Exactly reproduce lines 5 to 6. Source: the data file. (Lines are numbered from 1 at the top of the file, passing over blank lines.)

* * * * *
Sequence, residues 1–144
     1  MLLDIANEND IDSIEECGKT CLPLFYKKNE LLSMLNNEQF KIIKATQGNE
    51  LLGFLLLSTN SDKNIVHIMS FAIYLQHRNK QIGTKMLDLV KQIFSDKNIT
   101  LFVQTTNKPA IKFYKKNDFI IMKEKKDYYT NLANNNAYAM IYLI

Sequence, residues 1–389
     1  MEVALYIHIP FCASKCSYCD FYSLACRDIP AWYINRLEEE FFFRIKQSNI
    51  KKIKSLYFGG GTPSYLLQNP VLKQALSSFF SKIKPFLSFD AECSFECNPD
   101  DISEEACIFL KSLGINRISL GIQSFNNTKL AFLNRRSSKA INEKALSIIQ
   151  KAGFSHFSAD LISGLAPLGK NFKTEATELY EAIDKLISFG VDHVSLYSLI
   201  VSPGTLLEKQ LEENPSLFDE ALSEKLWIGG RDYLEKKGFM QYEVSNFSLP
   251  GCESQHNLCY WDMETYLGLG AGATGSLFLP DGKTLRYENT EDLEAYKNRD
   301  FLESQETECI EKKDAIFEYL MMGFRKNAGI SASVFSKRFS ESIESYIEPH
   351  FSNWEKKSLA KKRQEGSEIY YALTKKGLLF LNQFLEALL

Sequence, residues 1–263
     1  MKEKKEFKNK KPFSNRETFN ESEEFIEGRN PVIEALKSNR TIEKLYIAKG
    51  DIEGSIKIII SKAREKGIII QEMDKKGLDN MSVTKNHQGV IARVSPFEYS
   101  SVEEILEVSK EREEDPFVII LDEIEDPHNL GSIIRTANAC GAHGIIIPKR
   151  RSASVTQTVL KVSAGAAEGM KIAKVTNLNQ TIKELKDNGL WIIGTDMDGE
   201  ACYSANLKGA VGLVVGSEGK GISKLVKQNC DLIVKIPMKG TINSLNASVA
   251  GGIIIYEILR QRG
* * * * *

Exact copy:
Sequence, residues 1–389
     1  MEVALYIHIP FCASKCSYCD FYSLACRDIP AWYINRLEEE FFFRIKQSNI